Ukrainian forces swept deeper into territory seized from fleeing Russian troops on Monday and joyful residents returned to former frontline villages, while Moscow's leaders dodged any discussion of the collapse of their occupation force in northeast Ukraine.
Ukraine's general staff said its soldiers had recaptured more than 20 towns and villages in just the past day.
“People are crying, people are joyful, of course. How could they not be joyful!” said retired English teacher Zoya, 76, north of Kharkiv in the now-quiet village of Zolochiv 18km (10 miles) from the Russian frontier, weeping as she described the months she had spent sheltering in the cellar.
Nastya, 28, had fled the village in April but returned last week after news of Ukrainian advances. “I think everyone’s in a great (mood)! It’s all over now. At least we hope it’s all over,” she said, queuing for groceries with two small children.
Further north, Ukrainian troops had moved into Udi, a hamlet in what had been no-man's-land closer to the frontier. Soldiers returning from there said it was still unsafe, littered with land mines, grenades and weapons left behind by fleeing Russian troops, with abandoned farm animals wandering about.
Vitaly Ganchev, the Russian-installed head of Moscow's occupation administration in what remained of Russian-held territory in Kharkiv region, acknowledged that Ukraine's troops had broken through to the frontier.
Ganchev, who has ordered the complete evacuation of civilians from Russian-held parts of the province, told Russia's state-owned Rossiya-24 television that about 5,000 civilians had escaped to Russia but the frontier was now shut.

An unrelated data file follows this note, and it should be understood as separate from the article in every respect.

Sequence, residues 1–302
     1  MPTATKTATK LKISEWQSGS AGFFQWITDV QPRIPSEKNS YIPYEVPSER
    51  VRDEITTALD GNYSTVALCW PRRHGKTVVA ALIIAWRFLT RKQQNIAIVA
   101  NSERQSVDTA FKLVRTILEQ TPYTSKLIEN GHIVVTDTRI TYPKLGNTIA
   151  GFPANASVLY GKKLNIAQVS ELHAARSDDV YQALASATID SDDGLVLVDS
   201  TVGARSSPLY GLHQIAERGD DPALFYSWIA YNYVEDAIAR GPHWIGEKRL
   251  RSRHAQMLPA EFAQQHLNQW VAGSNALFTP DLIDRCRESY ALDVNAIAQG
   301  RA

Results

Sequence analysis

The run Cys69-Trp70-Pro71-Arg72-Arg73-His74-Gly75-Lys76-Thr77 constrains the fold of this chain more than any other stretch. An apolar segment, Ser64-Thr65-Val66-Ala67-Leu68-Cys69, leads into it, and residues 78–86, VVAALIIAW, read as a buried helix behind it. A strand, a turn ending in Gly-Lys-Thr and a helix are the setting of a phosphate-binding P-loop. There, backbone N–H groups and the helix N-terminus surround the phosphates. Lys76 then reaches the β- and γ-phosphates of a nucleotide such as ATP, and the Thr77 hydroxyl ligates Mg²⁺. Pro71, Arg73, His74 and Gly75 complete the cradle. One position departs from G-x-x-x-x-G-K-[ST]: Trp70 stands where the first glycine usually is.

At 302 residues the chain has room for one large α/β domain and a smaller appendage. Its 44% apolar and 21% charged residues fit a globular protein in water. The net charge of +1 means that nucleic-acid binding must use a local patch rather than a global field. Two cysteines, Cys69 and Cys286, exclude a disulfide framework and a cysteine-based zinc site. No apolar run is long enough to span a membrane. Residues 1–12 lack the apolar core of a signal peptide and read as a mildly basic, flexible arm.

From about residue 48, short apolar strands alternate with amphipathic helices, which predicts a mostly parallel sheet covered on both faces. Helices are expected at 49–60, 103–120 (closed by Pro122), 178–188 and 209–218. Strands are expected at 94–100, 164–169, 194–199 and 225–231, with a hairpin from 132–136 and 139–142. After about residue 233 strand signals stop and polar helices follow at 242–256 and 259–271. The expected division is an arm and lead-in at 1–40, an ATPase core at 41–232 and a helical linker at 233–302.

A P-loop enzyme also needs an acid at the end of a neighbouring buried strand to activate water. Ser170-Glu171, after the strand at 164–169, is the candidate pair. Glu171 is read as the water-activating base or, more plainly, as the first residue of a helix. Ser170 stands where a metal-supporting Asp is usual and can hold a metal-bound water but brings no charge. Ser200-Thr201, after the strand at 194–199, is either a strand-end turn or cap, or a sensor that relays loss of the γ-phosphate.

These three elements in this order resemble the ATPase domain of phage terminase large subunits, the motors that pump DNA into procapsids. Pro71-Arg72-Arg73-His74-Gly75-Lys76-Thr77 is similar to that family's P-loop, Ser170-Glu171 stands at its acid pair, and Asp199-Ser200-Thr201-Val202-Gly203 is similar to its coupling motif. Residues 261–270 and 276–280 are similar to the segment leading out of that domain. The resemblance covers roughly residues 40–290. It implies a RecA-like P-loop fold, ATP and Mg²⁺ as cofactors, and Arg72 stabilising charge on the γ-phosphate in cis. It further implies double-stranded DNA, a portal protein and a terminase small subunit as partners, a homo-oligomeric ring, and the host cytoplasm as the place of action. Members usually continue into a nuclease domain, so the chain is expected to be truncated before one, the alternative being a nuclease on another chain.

"The situation is becoming more difficult by the hour," he said.
'Emergency defensive actions'
President Vladimir Putin and his senior officials have said nothing as Russia's forces face their worst defeat since the war's early weeks. Kremlin spokesman Dmitry Peskov declined to answer directly when asked by a reporter if Putin still had confidence in the military leadership.
"The special military operation continues. And it will continue until the goals that were originally set are achieved," Peskov said.
Putin was later shown on state TV chairing a meeting on the economy at which he made no reference to the retreat and said Russia was holding up well in the face of Western sanctions.
"The economic blitzkrieg tactics, the onslaught they were counting on, did not work - this is already obvious to everyone, and to them too," he said.
After days of making no reference at all to the retreat, Russia's ministry of defence acknowledged on Saturday it had abandoned its main stronghold in the northeast, Izium and neighbouring Balakliia, in what it called a pre-planned "regrouping".
As thousands of Russian troops fled their positions, leaving behind huge stocks of ammunition and equipment, Russia fired missiles at power stations on Sunday causing blackouts in the Kharkiv and adjacent Poltava and Sumy regions.